1. Is experience from my teammate eligible for as many points as my own experience? Yes – for qualifying projects, it doesn’t matter if they belong to the Prime Offeror or a teammate. We recommend having your checklists ready to ensure there are no duplicates that may disqualify you for that domain. The example from the Draft RFP explains it best by saying:
    1. QP/FEP#1 may be submitted to the Technical and Engineering Domain, Small Business solicitation; and may also be submitted to the Technical and Engineering Domain, HUBZone solicitation as these are not competing solicitations. However, if QP/FEP#1 is found twice within the Technical and Engineering Domain, HUBZone solicitation, QP/FEP#1 will be removed from all proposals and will not be evaluated as part of any Offeror’s proposal.
  2. Can the prime contractor add "un-named" subcontractors to the master contract and/or task order? Good news here! Yes, awarded OASIS+ contractors may utilize different subcontractors for task orders than those identified for the master contract – so the team you propose with doesn’t need to be static after award.

Teaming and Joint Ventures are meaty topics. How are you feeling about teaming now? We obviously can’t cover every teaming situation or point permutation in a single blog, so if you still have questions (or are feeling a little uneasy about your specific situation), then get in touch! We can walk you through your options and help you evaluate your viability objectively before you commit yourself to a teaming strategy that inadvertently puts your proposal at a points disadvantage! 

How do you evaluate your 'relevant' experience projects?

Evaluating your “relevant” experience doesn’t have to be overwhelming. We’re going to keep this as simple as possible and walk you through this in steps.

Step 1: Understand what type of work meets the Qualifying Project (QP) requirement. The information that follows comes from Section L.5.2.1 of the 2nd Draft RFP. For clarity, there are two types of QPs: Relevant Qualifying Projects (where the project work itself was relevant to the scope of the domain you are scoring it in), and Non-Relevant Qualifying Projects. Determining Relevant vs. Non-Relevant is something we’ll cover later because to get to that point, EVERY QP must first meet ALL the following criteria:

  1. Be one of the following types of contracts:
  • A single contract (including prime contracts, subcontracts, and commercial contracts); or
  • A single task order awarded under an indefinite delivery task order contract (Definite Quantity, Requirements, or Indefinite Quantity), Blanket Purchase Agreement (BPA), or Basic Ordering Agreement (BOA), including single or multiple award; or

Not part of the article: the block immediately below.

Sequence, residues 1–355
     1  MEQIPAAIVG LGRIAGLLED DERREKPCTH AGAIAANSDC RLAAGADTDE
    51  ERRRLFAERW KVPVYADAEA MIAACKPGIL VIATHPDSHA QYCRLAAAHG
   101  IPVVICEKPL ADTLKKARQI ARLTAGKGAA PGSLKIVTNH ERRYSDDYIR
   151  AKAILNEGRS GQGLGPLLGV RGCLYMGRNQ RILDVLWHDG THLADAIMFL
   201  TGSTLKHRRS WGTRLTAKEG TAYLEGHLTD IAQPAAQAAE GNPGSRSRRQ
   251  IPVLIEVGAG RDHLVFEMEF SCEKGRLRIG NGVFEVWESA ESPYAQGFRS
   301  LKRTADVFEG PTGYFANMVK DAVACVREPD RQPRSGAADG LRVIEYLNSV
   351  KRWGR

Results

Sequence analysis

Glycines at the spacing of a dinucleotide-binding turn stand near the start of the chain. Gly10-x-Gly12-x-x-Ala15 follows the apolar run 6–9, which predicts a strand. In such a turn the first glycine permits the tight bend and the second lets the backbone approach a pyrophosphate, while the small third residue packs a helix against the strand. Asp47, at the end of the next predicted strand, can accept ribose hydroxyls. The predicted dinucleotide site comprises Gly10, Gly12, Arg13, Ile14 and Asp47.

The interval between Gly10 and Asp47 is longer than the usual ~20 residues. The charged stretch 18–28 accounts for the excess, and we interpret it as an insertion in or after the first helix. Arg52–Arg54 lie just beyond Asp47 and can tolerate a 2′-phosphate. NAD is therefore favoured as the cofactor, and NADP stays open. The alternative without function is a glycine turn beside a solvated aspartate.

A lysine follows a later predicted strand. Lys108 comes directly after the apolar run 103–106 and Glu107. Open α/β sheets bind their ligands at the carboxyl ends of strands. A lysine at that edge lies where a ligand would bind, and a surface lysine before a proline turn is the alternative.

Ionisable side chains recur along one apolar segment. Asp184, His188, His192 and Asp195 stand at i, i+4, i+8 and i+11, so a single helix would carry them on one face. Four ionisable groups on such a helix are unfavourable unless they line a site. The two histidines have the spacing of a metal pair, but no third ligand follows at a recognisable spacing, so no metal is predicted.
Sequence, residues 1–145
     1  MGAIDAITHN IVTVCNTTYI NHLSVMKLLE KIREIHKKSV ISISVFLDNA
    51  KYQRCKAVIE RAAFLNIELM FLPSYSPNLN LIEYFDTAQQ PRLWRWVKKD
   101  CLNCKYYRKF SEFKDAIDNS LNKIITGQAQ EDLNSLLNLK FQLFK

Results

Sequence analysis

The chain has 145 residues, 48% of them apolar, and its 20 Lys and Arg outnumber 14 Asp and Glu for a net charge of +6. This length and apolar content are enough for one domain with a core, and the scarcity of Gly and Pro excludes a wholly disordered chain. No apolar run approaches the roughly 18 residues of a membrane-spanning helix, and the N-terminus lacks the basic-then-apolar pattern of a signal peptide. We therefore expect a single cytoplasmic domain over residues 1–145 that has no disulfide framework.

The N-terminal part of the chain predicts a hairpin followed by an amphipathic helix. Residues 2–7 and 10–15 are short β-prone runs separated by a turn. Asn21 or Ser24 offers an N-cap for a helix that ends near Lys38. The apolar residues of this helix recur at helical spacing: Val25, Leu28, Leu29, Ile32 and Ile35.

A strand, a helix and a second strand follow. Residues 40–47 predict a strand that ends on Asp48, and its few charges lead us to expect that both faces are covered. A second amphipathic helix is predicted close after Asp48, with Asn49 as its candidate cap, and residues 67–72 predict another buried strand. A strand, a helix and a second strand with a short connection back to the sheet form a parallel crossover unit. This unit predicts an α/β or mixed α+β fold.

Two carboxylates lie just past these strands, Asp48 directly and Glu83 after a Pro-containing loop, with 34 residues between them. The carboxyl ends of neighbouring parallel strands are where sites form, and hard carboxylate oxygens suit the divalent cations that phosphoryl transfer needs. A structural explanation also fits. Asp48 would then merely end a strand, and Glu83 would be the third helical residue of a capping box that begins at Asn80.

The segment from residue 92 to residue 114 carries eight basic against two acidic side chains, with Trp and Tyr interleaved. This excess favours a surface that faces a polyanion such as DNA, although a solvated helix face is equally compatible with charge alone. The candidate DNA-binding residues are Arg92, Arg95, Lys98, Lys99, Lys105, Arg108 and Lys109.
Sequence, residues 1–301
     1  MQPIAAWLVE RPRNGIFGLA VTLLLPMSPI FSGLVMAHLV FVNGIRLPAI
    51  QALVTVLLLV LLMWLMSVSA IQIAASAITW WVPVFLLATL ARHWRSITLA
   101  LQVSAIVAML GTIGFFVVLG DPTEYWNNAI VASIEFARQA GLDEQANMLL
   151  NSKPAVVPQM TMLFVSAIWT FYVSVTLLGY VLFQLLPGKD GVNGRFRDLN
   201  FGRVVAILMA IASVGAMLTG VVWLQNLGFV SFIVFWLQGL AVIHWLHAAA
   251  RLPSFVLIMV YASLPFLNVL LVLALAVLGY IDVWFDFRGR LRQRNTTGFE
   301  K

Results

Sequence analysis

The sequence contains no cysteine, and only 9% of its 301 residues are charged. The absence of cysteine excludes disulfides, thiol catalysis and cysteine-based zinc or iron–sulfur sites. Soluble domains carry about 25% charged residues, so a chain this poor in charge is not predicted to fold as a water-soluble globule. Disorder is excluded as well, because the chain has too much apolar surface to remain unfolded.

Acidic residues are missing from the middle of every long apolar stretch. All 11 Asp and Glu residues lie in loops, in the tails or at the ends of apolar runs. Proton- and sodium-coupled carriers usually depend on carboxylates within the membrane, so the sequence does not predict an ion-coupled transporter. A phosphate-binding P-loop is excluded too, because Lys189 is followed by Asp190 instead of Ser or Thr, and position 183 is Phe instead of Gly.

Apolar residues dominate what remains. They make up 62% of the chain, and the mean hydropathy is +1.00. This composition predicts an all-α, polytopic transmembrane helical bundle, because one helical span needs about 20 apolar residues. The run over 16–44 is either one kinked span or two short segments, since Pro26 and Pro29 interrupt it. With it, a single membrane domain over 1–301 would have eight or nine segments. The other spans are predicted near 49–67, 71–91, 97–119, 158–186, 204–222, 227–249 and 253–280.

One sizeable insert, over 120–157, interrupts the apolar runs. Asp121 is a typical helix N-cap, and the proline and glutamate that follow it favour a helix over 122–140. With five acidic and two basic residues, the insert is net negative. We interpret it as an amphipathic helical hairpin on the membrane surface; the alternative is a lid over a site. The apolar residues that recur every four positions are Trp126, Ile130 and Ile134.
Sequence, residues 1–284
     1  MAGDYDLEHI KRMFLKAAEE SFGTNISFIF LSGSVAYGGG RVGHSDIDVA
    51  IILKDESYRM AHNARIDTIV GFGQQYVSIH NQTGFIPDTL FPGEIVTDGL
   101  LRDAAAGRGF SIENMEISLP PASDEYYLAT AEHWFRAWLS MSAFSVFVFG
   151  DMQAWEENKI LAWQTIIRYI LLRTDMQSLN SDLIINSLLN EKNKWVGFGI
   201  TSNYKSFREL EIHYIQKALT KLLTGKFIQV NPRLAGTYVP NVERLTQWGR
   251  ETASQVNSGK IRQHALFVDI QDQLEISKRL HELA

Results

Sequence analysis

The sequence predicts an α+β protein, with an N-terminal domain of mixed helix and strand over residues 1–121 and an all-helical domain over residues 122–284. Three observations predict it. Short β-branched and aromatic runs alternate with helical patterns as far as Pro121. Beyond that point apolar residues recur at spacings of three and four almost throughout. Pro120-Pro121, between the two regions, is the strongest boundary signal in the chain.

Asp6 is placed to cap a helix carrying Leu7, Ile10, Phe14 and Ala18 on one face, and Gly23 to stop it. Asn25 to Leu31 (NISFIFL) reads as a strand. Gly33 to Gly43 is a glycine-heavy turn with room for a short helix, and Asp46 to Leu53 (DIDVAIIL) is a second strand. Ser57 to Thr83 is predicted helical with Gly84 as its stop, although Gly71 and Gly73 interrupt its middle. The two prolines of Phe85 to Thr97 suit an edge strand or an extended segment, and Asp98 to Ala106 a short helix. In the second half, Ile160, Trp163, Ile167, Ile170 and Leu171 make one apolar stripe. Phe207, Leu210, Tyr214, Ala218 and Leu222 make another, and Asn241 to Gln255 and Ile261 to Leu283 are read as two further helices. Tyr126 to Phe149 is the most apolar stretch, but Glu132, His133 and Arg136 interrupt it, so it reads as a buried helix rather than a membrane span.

• A task order under a Federal Supply Schedule contract (FAR 8.405-2) or BPA (FAR 8.405-3); or
  • An Other Transaction Authority (OTA) award issued under 10 U.S.C. 4021 or other applicable authority; or
  • A “Collection of Task Orders” as defined in Section L.5.2.1. *You’ll want to note here that Offerors can only submit one aggregation of TOs per Domain submission*

**Yes, you read that correctly, OTAs are NO LONGER considered eligible!**

  1. Be a contract or order for services in accordance with FAR Part 37.

To save you some time, FAR Part 37 defines a service contract as “a contract that directly engages the time and effort of a contractor whose primary purpose is to perform an identifiable task rather than to furnish an end item of supply. A service contract may be either a non-personal or personal contract. It can also cover services performed by either professional or nonprofessional personnel whether on an individual or organizational basis.” There’s a lot more detail that you can check out here, but if you have questions, we’d love to get you in touch with one of our Contracts Specialists!  Bottom line, your contract should be for services (not products) and you should use the definition of “services” found in FAR Part 37.

  1. Meet or exceed a minimum annual value. This is going to be domain-specific (and there are variations!), so you’ll want to give Attachment 8 - Domain Qualifications Matrix a very close read. The proposed minimum values for the SB domains range from $250,000 to $1 million, while the Unrestricted domains have a range from $500,000 to $50 million! There are a couple of other nuances buried here that you need to be aware of:
    1. First, when you’re looking at your projects, make sure you’re calculating the annual value correctly. If you’re scoring your projects for scale (Section L., then you can use the total annual value of the project (even if the whole value wasn’t relevant to the Domain). BUT, if you’re evaluating project relevance/eligibility, keep this in mind: Section L. states “Relevant work does not need to be the primary purpose of the project, but the Offeror must clearly demonstrate (e.g., via a distinct CLIN or section within a PWS) that the relevant portion of the work meets the minimum QP criteria for the proposed Domain” (e.g., ≥$500,000 annual value for Technical & Engineering Domain).